By: Patrick Anderson, The Argus Leader
Russell Halgerson and his wife wanted a place closer to their family that also fit with their vision for raising a family.
They wanted somewhere with a small-town feel but big enough to have things to do on nights and weekends.
Brookings was a perfect fit for the South Dakota State University graduates, who returned to the city of their alma mater seven years after Russell took an engineering job in Rochester, Minnesota.
“Since we started a small family Brookings, in my mind, has really invested in supporting small business and local companies,” Halgerson said.
Brookings has benefited from steadily population growth during the last decade, but economic development experts in the city are using a new tactic to draw even more families back to the town of nearly 24,000.
Officials for Brookings’ Economic Development Corporation created a website, appropriately called liveinbrookings.com, with resources for finding a job, buying a house and applying for child care or health care.
Organizers have a specific target in mind for their year-old digital marketing campaign: families that left Brookings when they graduated, and are at a point now in which they want to put down roots.
“It’s just reaching them at that right time,” said Stacy Aesoph, the group’s workforce development director.
Kirstin Girard and her family lived in Dallas, Texas, for about 10 years, but she and her husband never lost their taste for living in a small town. The high school sweethearts grew up in the same Minnesota farming community and lived in Brookings as they attended elementary education courses at Dakota State University.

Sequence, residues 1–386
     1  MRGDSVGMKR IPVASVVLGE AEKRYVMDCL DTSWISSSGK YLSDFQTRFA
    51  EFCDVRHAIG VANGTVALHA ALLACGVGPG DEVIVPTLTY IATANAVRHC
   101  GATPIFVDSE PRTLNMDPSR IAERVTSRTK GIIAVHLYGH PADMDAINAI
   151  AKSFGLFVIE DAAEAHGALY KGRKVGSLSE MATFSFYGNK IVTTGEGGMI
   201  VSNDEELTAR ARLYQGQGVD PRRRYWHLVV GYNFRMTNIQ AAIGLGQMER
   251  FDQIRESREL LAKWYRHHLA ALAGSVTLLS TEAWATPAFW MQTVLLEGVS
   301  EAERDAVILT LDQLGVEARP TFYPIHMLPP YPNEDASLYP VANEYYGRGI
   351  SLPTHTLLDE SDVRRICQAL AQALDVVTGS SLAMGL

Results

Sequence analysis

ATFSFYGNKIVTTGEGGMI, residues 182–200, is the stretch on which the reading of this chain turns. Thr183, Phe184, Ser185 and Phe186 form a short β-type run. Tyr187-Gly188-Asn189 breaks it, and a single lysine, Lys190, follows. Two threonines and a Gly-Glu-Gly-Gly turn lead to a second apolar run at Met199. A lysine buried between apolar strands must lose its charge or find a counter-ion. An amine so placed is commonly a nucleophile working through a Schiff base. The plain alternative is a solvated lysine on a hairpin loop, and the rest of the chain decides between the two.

They moved to Dallas to teach.
“We always knew we wanted to come home,” Girard said. “And you know, life just happens and all of a sudden it’s 10 years later.”
Much like the rest of South Dakota, Brookings needs workers. The city’s biggest workforce needs are in manufacturing, retail and construction, but there are also signs that the town will soon need manager-level job applicants as older Brookings residents retire, Aesoph said.
Halgerson’s wife Katie got a job at the Bel Brands facility in 2014 and the couple moved back Valentine’s Day of that year. Both have degrees from the university. Now, they are season ticket-holders for wrestling and football.
“Our plan, our intention: this is kind of where we’ll stay,” Halgerson said. “We really love it here.”